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A man in the shadows: Light and darkness in Concerto

A man in the shadows: Light and darkness in Concerto

A man in the shadows: Light and darkness in Concerto

Umberto, hero of my new novel Concerto, is a man who is comfortable in the spotlight. He has grown up the son of a celebrated opera diva, and has honed his own musical talent to become a pianist composer, a rising star in the world of classical music. When my heroine, Catriona, goes to see Umberto perform in concert at the Nice opera house, she is absolutely mesmerised by his playing – and by the charismatic man himself:

The man with the magic hands soon had his audience captivated and Catriona felt as if she were floating, once more lulled into a distant world by the rhythmic melody … The huge auditorium was hushed and still as the plaintive melody drew to its final crescendo. At the staggering last cadence, the notes hanging in the air for mere seconds, Catriona felt as if every bone in her body had turned into water. Amid thunderous applause, Umberto leapt from his chair and went to the front of the stage. He smiled … that incredible smile … ‘Merci … grazie … thank you,’ he called out, bowing low.

A decade later, Catriona has lost touch with Umberto, until his mother comes to see her in the hope that Catriona will take Umberto on as a client of her music therapy practice. The man who was once a maestro, proud and confident in the limelight, is now in the shadows. He has lost his eyesight, and now hides himself away from the world in his villa on Lake Como. I write:

It had been nearly two days since he’d left these four walls. He knew that it made no difference that the curtains had been drawn all day, cutting out the sunlight, but it gave him a grim satisfaction that the whole room must be plunged into a sombre gloom – almost the same darkness as he had experienced every day for the past four years. A cage of perpetual midnight.

Catriona is distressed by the changes in the great man she once knew. Not the physical changes, but the emotional ones. Umberto is blind, yes, but on an emotional level he is shrouding himself in darkness. He is angry and bitter and depressed. Catriona tells Umberto:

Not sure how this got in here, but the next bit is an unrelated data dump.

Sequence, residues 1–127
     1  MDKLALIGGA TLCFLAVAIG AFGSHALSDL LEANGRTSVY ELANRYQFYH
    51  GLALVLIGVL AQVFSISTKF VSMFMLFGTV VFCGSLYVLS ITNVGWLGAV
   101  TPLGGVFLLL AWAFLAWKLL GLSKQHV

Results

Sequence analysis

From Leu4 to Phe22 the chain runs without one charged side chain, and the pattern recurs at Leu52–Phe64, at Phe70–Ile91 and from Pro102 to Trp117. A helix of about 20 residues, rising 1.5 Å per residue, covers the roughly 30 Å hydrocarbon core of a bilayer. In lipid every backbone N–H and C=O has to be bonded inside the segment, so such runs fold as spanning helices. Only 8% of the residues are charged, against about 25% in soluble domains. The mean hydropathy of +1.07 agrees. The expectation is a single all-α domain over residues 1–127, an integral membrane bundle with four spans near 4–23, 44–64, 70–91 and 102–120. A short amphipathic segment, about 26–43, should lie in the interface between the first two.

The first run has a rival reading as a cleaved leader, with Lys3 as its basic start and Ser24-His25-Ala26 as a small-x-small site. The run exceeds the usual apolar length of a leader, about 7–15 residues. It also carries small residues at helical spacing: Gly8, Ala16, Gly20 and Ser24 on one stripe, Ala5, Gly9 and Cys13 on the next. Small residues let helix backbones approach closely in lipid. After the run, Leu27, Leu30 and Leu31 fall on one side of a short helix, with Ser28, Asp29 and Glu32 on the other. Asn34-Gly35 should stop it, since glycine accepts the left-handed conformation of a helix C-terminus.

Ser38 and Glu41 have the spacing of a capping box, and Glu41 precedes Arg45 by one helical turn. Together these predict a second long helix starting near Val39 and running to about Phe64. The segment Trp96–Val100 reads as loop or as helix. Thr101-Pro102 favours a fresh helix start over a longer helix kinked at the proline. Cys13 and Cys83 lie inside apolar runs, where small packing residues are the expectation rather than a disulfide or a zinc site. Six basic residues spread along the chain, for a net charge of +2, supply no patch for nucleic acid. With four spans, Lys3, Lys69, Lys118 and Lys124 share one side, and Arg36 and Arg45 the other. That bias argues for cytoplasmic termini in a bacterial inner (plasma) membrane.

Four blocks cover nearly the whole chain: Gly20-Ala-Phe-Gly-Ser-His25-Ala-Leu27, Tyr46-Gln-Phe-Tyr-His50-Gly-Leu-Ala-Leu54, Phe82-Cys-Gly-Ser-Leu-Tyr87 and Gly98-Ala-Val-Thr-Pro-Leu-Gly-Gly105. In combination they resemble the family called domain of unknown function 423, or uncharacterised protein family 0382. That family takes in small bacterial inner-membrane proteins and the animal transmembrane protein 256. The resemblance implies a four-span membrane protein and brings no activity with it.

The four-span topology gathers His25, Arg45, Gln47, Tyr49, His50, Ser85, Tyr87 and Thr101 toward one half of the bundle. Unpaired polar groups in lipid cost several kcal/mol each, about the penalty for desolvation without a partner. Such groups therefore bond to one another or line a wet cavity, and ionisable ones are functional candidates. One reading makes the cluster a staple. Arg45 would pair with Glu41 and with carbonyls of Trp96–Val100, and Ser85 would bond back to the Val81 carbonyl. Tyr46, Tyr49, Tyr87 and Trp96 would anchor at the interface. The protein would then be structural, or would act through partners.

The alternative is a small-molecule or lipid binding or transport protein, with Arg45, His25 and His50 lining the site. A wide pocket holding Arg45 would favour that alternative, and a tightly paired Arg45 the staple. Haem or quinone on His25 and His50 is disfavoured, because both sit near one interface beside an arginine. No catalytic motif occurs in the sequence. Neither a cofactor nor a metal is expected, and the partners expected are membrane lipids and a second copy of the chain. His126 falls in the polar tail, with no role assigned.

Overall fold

You mustn’t give up. It grieves me to watch so much talent being thrown away and I’m here to help you make that first step that will bring you and your genius back to the public who adore you. Do you realize the gap you’ve left in the music world by moving into the shadows?

But guiding Umberto back to the light will not be easy; he is a stubborn man. Still, Catriona is determined to help Umberto, not simply because he is her client, but because she cares for him.

It is so very hard to see someone we care about suffering, and so upsetting when it is obvious that their pain is causing them to hurt themselves. When I wrote Concerto, I had in mind a quotation from the American author Marianne Williamson:

Until we have seen someone’s darkness, we don’t really know who they are. Until we have forgiven someone’s darkness, we don’t really know what love is.

As a young woman, Catriona fell in love with Umberto without really knowing him – she knew only his charisma and his charm and his talent. Now she has an opportunity to see his darkness, and in doing so understand the man within. With an open heart, this can bring her to a place of deeper love.

As for Umberto, he has become accustomed to showing people his darkness. But can he find the courage to show Catriona his light? For as Marianne Williamson wrote, ‘It is our light, not our darkness that most frightens us.’ Can Umberto step out of the darkness, out of fear, and into the light?

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